A fortune quote: erage individual's position in any hierarchy is a lot like pulling a dogsled -- there's no real change of scenery except for the lead dog.

Sourcecode Examples

#*
 * Examples of how to use bitwise operators
 *#

# Prints "01\n"
assert 0 == (put 1 and 0); 
assert 1 == (say 1 and 1); 

# Prints "01\n"
assert 0 == (put 0 or 0);
assert 1 == (say 0 or 1);

# Prints "01\n"
assert 0 == (put 1 xor 1);
assert 1 == (say 1 xor 0);

# Prints "82\n"
assert 8 == (put 2 :< 2);
assert 2 == (say 8 :> 2);

# A bit more complex, prints "9\n"
assert 9 == (say 1 :< 5 :> 5 or 2 and 5 xor 8);

# Same result, but with parenthesis:
assert 9 == (say ((((1 :< 5) :> 5) or 2) and 5) xor 8);

# Different parenthesis, different result: "1\n"
assert 1 == (say 1 :< 5 :> 5 or 2 and (5 xor 8));

# Prints "-1" 
assert (neg 1) == (say neg not 0);


#*
 * Simple examples how to write comments
 *#

# This is a single lined comment

say 1 + 1; # This is a comment at the end of the line

say 1 #* This is an embedded comment *# + 1;

#* This is
	a
		multiline
			comment *#

#* 
 * This is
 * a nicer looking
 * multiline comment
 *#


#* 
 * Simple conditional tests
 *#

# "0010\n"
assert 0 == (put 1 < 1); 
assert 0 == (put 1 < 0); 
assert 1 == (put 0 < 1); 
assert 0 == (say 0 < 0);

# "0100\n"
assert 0 == (put 1 > 1); 
assert 1 == (put 1 > 0); 
assert 0 == (put 0 > 1); 
assert 0 == (say 0 > 0);

# "1001\n"
assert 1 == (put 1 == 1); 
assert 0 == (put 1 == 0); 
assert 0 == (put 0 == 1);
assert 1 == (say 0 == 0);
 
# "0110\n"
assert 0 == (put 1 != 1);
assert 1 == (put 1 != 0); 
assert 1 == (put 0 != 1); 
assert 0 == (say 0 != 0);

# "1011\n"
assert 1 == (put 1 <= 1); 
assert 0 == (put 1 <= 0); 
assert 1 == (put 0 <= 1); 
assert 1 == (say 0 <= 0);

## "1101\n"
assert 1 == (put 1 >= 1); 
assert 1 == (put 1 >= 0); 
assert 0 == (put 0 >= 1); 
assert 1 == (say 0 >= 0);



#*
 * Examples of how to use control statements
 *#

if 1 { 
	say "if 1";
} 

ifnot 0 == 1 { 
	say "ifnot 0 == 1";
} 

# Calculate 10!

my n = 10, fac = 0;

while n > 1 {
	ifnot fac {
		fac = 1;
	}
	say fac = (fac * n);
	decr n;
}

# Count up to 10

n = 0;

until n == 10 {
	say incr n;
}


#* 
 * Simple expression tests
 *#

# Result 10 
assert 10 == say (8 / 2) + 2 * 3;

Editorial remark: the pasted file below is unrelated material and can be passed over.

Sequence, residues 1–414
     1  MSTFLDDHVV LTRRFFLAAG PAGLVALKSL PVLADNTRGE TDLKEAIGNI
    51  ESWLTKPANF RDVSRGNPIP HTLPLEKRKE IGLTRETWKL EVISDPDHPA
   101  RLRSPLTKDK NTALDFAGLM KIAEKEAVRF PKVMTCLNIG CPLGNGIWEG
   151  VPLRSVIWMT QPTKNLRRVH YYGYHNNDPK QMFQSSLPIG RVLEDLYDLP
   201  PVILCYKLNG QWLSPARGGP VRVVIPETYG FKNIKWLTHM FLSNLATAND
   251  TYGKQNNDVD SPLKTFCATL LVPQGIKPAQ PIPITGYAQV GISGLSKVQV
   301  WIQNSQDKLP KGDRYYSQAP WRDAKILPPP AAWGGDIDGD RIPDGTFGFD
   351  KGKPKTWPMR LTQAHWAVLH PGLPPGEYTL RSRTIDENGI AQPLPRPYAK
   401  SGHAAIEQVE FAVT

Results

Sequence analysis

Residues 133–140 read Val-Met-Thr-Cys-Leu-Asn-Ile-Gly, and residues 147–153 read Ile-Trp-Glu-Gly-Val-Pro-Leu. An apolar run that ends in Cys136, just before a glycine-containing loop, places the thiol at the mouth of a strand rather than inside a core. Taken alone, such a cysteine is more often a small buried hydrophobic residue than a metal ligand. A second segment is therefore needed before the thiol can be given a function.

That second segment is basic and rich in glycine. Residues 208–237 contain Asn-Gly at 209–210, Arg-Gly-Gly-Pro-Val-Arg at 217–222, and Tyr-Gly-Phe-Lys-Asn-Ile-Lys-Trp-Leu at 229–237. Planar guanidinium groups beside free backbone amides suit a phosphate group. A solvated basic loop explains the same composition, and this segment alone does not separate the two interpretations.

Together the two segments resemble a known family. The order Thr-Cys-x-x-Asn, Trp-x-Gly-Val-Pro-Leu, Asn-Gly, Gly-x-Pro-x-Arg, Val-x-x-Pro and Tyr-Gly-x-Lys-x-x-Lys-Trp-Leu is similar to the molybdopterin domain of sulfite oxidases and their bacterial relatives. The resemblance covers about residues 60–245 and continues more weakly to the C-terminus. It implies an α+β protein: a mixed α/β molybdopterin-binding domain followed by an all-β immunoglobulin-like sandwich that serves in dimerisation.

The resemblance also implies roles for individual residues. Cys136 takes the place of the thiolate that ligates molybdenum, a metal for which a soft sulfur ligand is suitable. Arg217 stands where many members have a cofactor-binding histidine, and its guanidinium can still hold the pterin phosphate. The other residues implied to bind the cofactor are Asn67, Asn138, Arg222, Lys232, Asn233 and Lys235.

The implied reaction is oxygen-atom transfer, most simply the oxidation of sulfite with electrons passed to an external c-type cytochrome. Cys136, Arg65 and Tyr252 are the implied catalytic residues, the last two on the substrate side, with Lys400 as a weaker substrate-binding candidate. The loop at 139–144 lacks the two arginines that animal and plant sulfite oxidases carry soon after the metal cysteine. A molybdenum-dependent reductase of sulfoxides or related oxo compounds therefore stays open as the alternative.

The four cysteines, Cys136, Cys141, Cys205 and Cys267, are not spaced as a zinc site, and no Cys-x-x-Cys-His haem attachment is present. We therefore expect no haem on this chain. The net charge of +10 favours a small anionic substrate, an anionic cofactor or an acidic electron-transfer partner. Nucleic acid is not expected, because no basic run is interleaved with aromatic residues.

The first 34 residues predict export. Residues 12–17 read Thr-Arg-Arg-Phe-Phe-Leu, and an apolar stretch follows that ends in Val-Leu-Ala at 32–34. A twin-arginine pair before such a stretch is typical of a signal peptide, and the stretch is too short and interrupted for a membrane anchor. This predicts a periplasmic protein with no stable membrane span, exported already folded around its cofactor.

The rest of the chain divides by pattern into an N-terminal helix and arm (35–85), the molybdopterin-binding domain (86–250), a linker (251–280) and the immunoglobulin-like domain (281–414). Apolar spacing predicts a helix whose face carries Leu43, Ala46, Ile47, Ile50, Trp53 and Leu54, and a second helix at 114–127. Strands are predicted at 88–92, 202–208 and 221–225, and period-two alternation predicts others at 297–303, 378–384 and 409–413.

# Result 12 
assert 12 == say 2 * (4 + 2); 

# Result 4 
assert 4 == say 2 * (4 / 2); 

# Result 4 
assert 4 == say 2 * (4 / 2); 

# Result 4 
assert 4 == say 2 * (4 / 2); 

# Result 46 
assert 46 == say "12" + "34";

# Result 1231
assert 1231 == say "1234" - "3";

# Result 24
assert "24" == say "2ab" * "12";

# Result 5.0
assert 5 == say "10 bla" / 2;


#*
 * Examples of how to use fork
 *#

my pid = fork;

if pid {
	put "I am the parent process and the child has the pid ";
	say pid;
}

ifnot pid {
	say "I am the child process";
}

#*
 * Examples of how to use functions
 *#

func foo {
	say 1 + a * 3 + b;

	func bar {
		say "Hello i am nested";
	}

	bar; # Calling nested
}

my a = 2, b = 4; # Create global variables
foo;
assert 0 == (defined bar); # bar is not available anymore

func baz {
	say "I am baz";
	undef baz; 
}

baz; # Baz deletes itself
assert 0 == (defined baz); # baz is not available anymore

#*
 * Simple builtin function tests
 *#

# Print "-20\n"
assert (neg 20) == (say neg 20);

# Print "30\n"
assert 30 == (say 10 - neg 20);

# Print "-30\n"
assert (neg 30) == (say neg neg neg 10 - neg 20);

# Print "Hello\n"
put "Hello";
ln;

# Exit with exit code 0
exit 10 + 10 - 5 - 15;


#*
 * Simple I/O examples. Currently only output is supported.
 *#

# Print out 10 followed by a newline
say 10; 

# Print out 20 without a newline followed
put 20;

# Print out a newline
ln;


#*
 * Examples of how to use procedures
 *#

proc foo {
	say 1 + a * 3 + b;
	my c = 6;
}

my a = 2, b = 4;

foo; # Run the procedure. Print out "11\n"
say c; # Print out "6\n";

proc bar {
	say "I am bar";

	undef baz;

	proc baz {
		say "I am baz";
	}
}

# Here bar would produce an error because the proc is not yet defined!
# bar; 

bar; # Here the procedure bar will define the procedure baz!
baz; # Now the procedure baz is defined!
bar; # Here the procedure bar will redefine baz again!

#*
 * Examples of how to use scopeing
 *#

my foo = 1;

{
	# Prints out 1
	assert 1 == (put defined foo);

	{
		my bar = 2;

		# Prints out 1
		assert 1 == (put defined bar);

		# Prints out all available symbols at
		# the current program position.
		scope;
	}

	# Prints out 0
	assert 0 == (put defined bar);

	my baz = 3;
}

# Prints out 0
assert 0 == (say defined bar);



#*
 * Examples of how to use synonyms
 *#

# Create a variable foo, and bar is a synonym for foo
my foo = "foo";
my bar = \foo;

# Reset the value of foo
foo = "bar";

# The synonym variable should now also set to "bar"
assert "bar" == say bar;

# Create a new procedure baz
proc baz { 
	say "I am baz";
}

# Make a synonym baz, and undefine baz
my bay = \baz;

# Should be the num of syms for the same value
assert 2 == syms baz;
assert 2 == syms bay;
undef baz;
assert 1 == syms bay;

# bay still has a reference of the original procedure baz
bay; # this prints aut "I am baz" 

assert 0 == defined baz;
assert 1 == defined bay;

# This removes the procedure from memory
undef bay; 


#*
 * Examples how to convert types
 *#

assert 1 == say 1; # Integer output

assert 1 == say double 1; # Double output

assert 14 == say 1 + string 13; # Implicit type conversion to Integer

assert 2 == say integer 2.8; # Rounds down to the Integer 2

assert say integer double string put say neg 12; # Nonsense but working :)


#*
 * Examples of how to define variables
 *#

# Defines the variables 
my foo = 1 + 1;
my bar = 4 - 1, baz = 100 + 1, bay;

# bay has been initialized with the default value of 0
say bay;

# Prints out "5\n"
assert 5 == (say foo + bar);

# Pritns out "51101\n"
assert 51 == (put baz - 50);
assert 101 == (say baz);

# Change the value of the variable to 99 and print it out
assert 99 == (baz = 99);
say baz;